At the cashew processing center in Quinhamel, raw cashew nuts are boiled in a large cauldron for 25 minutes, then sun-dried for 48 hours, causing the nut to separate slightly from the shell for easier processing. Processors then remove the shell, cashew by cashew, with a foot-powered shelling machine.

The kernels are spread on special cooking screens and dried for seven hours at 170º. Along a series of tables, workers remove a thin skin which covers the kernel, then separate the cleaned, dried nuts into wholes, halves and broken pieces by size and quality grades. Even the tiniest bits are gathered as a "flour" for use in pastries and confections. Once separated and grouped in accordance with international standards, the cashews are roasted and packed for shipping.

Because cashew trees flourish in Guinea-Bissau's soil, production is entirely organic and environmentally sound, requiring no pesticides or fertilizers. Processing is likewise environmentally friendly and efficient. All parts of the cashew are used in the process: the discarded shell is burned to heat the cauldron where the raw nuts boiled, the skins can likewise be burned or mixed with grains for livestock feed, and the ovens can be fired with pruned branches from a well-maintained orchard.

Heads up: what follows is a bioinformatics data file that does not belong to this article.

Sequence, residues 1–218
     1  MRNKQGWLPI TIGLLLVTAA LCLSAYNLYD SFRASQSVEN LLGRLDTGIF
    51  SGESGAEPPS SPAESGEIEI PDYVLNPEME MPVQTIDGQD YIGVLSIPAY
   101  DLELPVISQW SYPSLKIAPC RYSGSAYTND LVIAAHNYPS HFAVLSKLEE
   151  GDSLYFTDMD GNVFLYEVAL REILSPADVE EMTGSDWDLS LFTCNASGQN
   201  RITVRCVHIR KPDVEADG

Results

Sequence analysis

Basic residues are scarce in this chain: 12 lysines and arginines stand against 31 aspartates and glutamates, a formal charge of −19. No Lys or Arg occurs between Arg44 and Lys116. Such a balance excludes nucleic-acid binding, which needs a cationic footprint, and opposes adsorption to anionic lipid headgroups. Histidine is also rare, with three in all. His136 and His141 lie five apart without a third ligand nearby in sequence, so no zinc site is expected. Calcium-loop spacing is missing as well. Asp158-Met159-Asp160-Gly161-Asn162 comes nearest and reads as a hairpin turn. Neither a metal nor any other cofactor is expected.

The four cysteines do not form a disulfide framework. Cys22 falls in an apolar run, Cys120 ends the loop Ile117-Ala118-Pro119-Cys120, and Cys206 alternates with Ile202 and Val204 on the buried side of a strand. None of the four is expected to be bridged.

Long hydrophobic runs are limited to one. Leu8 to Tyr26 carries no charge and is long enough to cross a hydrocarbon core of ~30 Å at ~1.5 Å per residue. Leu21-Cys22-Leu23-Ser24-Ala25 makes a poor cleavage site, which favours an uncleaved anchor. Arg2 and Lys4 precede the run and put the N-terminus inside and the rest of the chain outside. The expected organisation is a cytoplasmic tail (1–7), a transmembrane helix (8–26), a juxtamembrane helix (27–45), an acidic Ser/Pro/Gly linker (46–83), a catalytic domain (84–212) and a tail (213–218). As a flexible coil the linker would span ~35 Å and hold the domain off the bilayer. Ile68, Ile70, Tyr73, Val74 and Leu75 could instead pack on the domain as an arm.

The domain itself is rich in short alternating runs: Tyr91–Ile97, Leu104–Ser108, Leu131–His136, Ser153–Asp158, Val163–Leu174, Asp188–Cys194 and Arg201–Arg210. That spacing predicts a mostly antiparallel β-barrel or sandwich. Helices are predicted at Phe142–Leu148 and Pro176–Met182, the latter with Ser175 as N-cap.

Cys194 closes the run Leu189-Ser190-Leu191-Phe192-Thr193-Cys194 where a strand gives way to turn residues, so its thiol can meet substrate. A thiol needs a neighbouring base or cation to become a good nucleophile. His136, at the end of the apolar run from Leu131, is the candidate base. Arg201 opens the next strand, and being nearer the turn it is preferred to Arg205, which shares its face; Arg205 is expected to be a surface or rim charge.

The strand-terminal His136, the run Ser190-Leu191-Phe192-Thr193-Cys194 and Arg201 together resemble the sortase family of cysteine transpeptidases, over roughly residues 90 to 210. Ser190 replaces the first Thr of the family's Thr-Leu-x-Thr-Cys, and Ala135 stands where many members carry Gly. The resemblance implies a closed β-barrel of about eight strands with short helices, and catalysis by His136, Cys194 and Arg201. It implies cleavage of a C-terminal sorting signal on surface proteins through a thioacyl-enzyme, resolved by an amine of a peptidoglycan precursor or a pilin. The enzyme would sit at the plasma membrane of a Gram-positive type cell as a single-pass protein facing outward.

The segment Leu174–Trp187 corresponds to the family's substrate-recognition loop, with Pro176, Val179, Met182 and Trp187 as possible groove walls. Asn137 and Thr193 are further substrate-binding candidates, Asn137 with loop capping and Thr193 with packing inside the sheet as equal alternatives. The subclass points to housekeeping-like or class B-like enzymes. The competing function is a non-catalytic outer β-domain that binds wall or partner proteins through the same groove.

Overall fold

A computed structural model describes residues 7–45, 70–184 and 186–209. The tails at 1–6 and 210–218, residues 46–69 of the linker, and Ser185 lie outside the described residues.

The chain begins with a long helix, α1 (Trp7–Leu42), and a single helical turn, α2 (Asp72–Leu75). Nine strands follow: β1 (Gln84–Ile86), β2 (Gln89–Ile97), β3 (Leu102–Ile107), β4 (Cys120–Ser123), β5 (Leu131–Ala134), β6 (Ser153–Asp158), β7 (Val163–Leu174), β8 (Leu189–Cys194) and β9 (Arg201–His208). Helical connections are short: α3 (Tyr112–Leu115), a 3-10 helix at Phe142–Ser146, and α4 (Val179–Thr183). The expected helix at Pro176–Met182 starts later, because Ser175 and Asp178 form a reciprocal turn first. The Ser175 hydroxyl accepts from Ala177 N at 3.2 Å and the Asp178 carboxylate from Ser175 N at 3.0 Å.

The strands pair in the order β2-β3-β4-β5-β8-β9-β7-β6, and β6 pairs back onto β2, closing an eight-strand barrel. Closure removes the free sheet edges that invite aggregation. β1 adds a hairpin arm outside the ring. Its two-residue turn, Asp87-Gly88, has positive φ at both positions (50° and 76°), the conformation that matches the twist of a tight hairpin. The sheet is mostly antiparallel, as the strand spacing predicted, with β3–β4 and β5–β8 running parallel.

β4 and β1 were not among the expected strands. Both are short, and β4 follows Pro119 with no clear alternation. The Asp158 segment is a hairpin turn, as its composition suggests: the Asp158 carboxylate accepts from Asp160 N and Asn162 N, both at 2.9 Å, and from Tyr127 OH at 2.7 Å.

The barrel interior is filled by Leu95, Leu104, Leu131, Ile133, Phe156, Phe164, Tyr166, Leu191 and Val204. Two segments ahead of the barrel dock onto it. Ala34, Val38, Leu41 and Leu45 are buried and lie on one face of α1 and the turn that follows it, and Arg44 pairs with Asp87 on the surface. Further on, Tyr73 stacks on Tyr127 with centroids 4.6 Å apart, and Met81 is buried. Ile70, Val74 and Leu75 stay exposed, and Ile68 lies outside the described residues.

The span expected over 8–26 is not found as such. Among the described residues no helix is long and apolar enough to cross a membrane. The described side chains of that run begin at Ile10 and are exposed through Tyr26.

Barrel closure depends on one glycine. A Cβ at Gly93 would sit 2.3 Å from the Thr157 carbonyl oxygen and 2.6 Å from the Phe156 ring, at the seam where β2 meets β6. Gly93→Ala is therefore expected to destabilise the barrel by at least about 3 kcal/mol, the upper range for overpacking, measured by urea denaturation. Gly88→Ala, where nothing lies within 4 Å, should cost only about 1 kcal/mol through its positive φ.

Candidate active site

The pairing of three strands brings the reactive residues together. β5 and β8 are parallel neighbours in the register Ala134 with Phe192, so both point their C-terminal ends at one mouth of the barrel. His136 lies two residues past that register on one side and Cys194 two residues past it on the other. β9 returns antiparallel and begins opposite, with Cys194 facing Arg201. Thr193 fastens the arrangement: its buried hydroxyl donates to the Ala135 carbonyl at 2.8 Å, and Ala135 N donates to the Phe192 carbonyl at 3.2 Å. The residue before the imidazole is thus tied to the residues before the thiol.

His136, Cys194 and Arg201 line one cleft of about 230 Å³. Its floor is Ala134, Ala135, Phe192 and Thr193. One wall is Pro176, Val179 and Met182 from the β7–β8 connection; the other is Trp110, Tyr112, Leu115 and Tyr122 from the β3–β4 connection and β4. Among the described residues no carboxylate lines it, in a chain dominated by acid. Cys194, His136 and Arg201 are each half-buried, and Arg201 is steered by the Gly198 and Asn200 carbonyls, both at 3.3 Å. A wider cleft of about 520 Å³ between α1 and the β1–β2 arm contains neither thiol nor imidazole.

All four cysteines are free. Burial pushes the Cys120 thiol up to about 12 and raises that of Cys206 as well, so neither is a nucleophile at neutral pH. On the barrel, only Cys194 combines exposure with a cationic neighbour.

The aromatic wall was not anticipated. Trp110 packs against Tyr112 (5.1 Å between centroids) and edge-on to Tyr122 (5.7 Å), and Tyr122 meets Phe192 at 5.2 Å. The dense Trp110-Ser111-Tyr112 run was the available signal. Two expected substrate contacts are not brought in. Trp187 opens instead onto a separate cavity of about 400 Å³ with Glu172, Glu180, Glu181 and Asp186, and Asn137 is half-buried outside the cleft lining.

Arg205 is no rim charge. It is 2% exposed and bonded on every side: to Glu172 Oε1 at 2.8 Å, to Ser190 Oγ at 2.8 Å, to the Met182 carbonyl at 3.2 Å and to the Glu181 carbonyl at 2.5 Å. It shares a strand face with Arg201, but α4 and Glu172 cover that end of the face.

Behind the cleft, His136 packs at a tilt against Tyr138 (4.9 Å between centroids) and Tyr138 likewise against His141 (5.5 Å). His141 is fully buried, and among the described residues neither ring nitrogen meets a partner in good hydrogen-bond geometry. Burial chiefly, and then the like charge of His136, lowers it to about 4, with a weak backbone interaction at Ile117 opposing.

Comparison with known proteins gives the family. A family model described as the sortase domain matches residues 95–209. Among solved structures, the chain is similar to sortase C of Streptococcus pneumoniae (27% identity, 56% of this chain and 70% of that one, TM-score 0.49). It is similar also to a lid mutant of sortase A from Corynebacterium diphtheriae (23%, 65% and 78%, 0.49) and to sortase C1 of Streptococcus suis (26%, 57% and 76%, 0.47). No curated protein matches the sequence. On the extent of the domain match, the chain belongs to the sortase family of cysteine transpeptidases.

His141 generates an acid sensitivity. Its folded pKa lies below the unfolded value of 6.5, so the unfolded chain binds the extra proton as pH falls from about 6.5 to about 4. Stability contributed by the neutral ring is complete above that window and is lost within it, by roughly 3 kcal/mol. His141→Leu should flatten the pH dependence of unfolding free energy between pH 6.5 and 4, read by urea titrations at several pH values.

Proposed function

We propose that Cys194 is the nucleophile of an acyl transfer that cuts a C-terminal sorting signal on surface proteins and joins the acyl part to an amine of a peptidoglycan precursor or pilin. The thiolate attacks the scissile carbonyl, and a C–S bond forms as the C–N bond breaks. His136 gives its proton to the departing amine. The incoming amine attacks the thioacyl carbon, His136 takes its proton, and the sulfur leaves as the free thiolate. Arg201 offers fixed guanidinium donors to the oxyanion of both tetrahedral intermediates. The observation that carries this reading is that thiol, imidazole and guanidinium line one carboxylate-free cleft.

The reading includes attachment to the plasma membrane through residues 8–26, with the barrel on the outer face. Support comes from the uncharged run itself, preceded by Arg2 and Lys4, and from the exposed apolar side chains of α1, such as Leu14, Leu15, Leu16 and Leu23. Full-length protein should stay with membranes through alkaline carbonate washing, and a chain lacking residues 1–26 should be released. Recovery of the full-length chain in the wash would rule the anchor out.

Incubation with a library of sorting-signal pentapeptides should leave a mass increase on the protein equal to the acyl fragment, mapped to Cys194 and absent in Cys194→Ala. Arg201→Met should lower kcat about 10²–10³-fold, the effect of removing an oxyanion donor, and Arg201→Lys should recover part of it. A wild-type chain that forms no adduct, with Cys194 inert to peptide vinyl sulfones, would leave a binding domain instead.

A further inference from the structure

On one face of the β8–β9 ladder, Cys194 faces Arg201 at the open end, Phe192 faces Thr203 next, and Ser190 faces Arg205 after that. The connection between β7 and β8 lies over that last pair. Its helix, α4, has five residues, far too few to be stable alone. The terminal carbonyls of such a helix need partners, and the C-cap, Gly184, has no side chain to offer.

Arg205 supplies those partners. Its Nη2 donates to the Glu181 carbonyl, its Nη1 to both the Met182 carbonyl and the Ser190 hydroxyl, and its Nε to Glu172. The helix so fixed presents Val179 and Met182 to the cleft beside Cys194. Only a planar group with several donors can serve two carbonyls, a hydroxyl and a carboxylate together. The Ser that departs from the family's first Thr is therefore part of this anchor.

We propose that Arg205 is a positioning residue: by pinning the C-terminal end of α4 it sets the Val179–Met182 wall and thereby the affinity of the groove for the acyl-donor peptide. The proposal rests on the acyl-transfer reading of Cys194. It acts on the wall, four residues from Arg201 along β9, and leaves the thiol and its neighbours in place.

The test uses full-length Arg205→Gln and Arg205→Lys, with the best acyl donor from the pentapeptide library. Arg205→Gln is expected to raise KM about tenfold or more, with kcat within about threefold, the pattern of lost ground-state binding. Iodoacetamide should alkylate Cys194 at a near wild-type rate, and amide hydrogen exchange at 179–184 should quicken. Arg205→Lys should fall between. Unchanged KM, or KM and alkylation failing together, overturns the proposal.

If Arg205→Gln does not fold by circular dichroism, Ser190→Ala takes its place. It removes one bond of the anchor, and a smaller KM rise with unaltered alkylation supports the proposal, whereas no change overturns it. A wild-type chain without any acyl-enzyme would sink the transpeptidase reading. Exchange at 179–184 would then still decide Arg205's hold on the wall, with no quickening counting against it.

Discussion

Home-based cashew processing has very low energy requirement -- only fuel for cooking and drying. Workers shell and clean cashews using available light in group settings conducive to social interaction. The cashew processing machines are hand- and foot-operated. These machines, originally imported from Brazil, are now manufactured locally. Thus cashew processing is an environmentally sound activity which can be carried out by Guineans, without the need for foreign assistance. Sale of processed nuts provides year-round opportunities for employment and sales -- unlike the sale of raw nuts for processing abroad, which covers only a few months each year.

Produced by Steele Communications